The set of potential adverse events for the target study was extracted from several relevant sources including the VAERS, BEST and SPEAC frameworks, information from the vaccine manufacturer and relevant scientific publications. We cast a wide net to capture a wide range of clinically meaningful short- and medium-term potential adverse events that are likely to be documented in the electronic health record. Accordingly, minor side effects such as fever, malaise and local reactions at the injection site were not included in this study. The study included a 42-day follow-up, which included a 21-day follow-up after each of the first and second doses of the vaccine. A total of 42 days was considered sufficient to identify medium-term adverse events without diluting the incidence of short-term adverse events. Adverse events that could not be plausibly diagnosed within 42 days (e.g. chronic autoimmune disease) were also not included.

Adverse events were defined using diagnostic codes and short free text phrases that accompany the diagnoses in the CHS database. For a complete list of study results (adverse events) and their definitions, see Table S2.

For each adverse event, subjects were observed from the day of matching (time zero of follow-up) to the earliest of the following events: documentation of the adverse event, 42 days, end of the study calendar, or death. We also ended the follow-up of a paired couple when the unvaccinated control received the first dose of vaccine or when one of the members of the paired couple was diagnosed with SARS-CoV-2 infection.

Risks of SARS-CoV-2 infection

To put the magnitude of the vaccine side effects in context, we also assessed the effects of SARS-CoV-2 infection on these side effects during the 42 days following diagnosis. We used the same design as the one we used to study the side effects of vaccinations, except that the analysis period began at the start of the Covid-19 pandemic in Israel (March 1, 2020) and people who have recently had contact with the health system were not excluded (as such contacts can be expected in the days leading up to diagnosis).

In this SARS-CoV-2 analysis, people with a new diagnosis of SARS-CoV-2 infection were compared with controls who were not previously infected. As with the vaccine safety analysis, people could become infected with SARS-CoV-2 after they were compared as controls the day before. 2 – infected) and could then be included in the group of SARS-CoV-2 infected persons with a newly coordinated control. The follow-up examination of each paired pair began on the date of the positive PCR test result of the infected member and ended analogously to the main vaccination analysis, this time it ended when the control member was infected or one of the persons in the matching pair was vaccinated.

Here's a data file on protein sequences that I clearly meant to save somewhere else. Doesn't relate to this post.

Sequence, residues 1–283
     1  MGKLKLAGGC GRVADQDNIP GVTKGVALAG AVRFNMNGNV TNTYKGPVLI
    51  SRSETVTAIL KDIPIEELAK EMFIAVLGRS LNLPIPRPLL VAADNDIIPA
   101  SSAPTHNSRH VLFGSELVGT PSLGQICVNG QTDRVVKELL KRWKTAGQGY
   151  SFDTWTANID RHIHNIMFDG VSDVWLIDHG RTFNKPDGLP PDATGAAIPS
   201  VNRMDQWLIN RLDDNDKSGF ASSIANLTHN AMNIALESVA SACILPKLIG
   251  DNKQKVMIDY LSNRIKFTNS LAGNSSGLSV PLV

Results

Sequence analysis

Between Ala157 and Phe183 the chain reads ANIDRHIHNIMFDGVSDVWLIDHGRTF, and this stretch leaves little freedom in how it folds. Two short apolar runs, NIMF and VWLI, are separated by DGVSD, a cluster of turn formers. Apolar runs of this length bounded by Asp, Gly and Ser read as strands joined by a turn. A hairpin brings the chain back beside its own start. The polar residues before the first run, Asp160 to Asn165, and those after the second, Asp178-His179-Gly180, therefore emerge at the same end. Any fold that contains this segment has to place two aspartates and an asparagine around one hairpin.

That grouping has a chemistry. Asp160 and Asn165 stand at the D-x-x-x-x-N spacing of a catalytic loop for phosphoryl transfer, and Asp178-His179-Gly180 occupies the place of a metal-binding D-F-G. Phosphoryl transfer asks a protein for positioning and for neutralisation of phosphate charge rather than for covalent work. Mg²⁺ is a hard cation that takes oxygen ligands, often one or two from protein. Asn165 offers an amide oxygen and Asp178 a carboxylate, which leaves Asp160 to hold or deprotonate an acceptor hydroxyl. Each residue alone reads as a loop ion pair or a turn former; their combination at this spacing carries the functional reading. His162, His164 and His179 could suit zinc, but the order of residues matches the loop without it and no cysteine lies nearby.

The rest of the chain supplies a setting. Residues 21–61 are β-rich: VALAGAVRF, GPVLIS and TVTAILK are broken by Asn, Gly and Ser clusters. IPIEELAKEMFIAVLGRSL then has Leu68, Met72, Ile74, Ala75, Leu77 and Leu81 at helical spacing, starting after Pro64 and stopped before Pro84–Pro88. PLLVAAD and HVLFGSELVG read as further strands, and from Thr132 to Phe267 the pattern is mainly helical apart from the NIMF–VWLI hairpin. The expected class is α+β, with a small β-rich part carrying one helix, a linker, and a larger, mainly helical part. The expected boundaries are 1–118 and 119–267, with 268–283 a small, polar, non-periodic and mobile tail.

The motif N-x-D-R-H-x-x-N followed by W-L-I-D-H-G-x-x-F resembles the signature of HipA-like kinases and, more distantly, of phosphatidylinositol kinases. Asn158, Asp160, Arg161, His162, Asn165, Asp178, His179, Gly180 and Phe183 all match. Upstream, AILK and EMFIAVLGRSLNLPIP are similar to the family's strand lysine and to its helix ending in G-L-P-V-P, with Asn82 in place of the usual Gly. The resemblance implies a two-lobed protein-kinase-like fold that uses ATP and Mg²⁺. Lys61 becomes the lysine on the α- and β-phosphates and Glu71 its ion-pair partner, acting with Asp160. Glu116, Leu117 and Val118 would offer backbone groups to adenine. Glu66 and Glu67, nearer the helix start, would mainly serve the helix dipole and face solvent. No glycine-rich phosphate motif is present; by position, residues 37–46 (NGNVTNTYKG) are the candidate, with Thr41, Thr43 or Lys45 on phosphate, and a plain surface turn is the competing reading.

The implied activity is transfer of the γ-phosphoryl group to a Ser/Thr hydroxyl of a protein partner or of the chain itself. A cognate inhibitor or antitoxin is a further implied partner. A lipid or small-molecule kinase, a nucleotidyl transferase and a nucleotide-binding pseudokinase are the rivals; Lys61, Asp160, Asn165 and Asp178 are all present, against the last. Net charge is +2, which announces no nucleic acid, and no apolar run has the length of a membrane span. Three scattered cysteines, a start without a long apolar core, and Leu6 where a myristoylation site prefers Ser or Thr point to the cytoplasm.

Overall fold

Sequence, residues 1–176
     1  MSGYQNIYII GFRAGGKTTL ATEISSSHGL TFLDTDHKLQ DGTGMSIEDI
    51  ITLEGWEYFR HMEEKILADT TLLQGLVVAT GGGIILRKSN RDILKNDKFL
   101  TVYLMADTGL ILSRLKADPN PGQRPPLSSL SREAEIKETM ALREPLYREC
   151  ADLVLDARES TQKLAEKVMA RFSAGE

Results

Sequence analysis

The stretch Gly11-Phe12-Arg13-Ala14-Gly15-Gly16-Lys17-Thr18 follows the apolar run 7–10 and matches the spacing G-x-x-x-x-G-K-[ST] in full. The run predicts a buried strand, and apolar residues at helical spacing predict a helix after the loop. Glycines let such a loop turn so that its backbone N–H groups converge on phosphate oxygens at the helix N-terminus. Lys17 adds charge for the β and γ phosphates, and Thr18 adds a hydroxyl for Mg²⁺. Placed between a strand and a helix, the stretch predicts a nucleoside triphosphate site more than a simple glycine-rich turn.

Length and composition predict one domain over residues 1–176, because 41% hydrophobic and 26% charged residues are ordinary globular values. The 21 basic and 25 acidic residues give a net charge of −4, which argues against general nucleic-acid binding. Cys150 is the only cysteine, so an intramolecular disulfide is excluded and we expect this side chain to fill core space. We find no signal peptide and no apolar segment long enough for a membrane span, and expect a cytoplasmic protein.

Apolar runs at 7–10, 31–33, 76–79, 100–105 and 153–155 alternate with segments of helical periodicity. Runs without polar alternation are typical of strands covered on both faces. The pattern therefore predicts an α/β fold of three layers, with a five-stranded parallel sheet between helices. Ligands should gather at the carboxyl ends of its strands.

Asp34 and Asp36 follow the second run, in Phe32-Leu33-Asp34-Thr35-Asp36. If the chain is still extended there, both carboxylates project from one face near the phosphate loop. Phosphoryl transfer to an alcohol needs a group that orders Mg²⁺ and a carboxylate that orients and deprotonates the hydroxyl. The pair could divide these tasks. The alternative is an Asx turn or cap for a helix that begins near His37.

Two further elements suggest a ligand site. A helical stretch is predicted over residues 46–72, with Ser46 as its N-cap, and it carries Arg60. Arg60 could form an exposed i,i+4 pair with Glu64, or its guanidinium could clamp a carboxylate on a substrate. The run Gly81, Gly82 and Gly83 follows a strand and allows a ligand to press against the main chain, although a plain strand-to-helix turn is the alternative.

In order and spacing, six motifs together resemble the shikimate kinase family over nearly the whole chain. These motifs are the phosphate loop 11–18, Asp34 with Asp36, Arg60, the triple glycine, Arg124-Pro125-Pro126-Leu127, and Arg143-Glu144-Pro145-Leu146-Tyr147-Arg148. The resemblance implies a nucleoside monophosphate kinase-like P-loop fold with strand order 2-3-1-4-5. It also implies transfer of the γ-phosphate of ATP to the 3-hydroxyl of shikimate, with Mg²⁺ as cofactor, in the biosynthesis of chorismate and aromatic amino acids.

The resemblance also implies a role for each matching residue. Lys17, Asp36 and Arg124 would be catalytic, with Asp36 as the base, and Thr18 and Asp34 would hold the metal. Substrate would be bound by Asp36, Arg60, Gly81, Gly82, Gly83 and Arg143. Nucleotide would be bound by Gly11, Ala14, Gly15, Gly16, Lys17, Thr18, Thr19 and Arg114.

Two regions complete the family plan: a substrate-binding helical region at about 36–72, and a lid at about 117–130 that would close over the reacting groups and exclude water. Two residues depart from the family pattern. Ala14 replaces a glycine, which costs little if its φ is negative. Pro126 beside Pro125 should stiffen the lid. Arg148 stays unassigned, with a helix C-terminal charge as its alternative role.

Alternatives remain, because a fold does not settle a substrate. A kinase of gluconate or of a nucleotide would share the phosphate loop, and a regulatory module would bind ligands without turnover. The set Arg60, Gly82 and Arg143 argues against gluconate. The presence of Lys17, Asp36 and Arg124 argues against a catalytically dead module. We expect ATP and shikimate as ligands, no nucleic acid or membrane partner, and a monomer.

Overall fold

The effects of vaccination and SARS-CoV-2 infection were assessed with different cohorts. Therefore, they should be treated as separate result sets and not compared directly.

Statistical analysis

Since a large proportion of the unvaccinated controls were vaccinated during the follow-up period, we decided to estimate the observation analog of the per-protocol effect if all unvaccinated subjects remained unvaccinated during the follow-up period. To do this, we censored the matched couple’s data on whether and when the control member was vaccinated. Individuals who were initially matched as unvaccinated controls and then vaccinated during the study period could be re-admitted as vaccinated individuals with a new matched control. The same procedure was followed for the SARS-CoV-2 infection analysis (ie people who were initially matched as non-infected controls and then became infected during the study period could be accepted as infected people again with a new matched control).

We used the Kaplan-Meier estimator19th Generate cumulative incidence curves and estimate the risk of any adverse event after 42 days in each group. The risks were compared with ratios and differences (per 100,000 people).

In the vaccination analysis, in order not to attribute complications due to a SARS-CoV-2 infection to the vaccination (or its lack thereof), we also censored the data of the matching couple if and when one of the members was diagnosed with SARS-CoV-2 infection . Similarly, in the SARS-CoV-2 infection analysis, we censored the matched couple’s data if and when one of the members was vaccinated. Refer to the Supplementary Methods 1 section in the Supplementary Appendix for more details.

We calculated confidence intervals using the nonparametric percentile bootstrap method with 500 iterations. As is common with safety outcomes studies, no adjustment was made for multiple comparisons. The analyzes were performed using the R software version 4.0.4.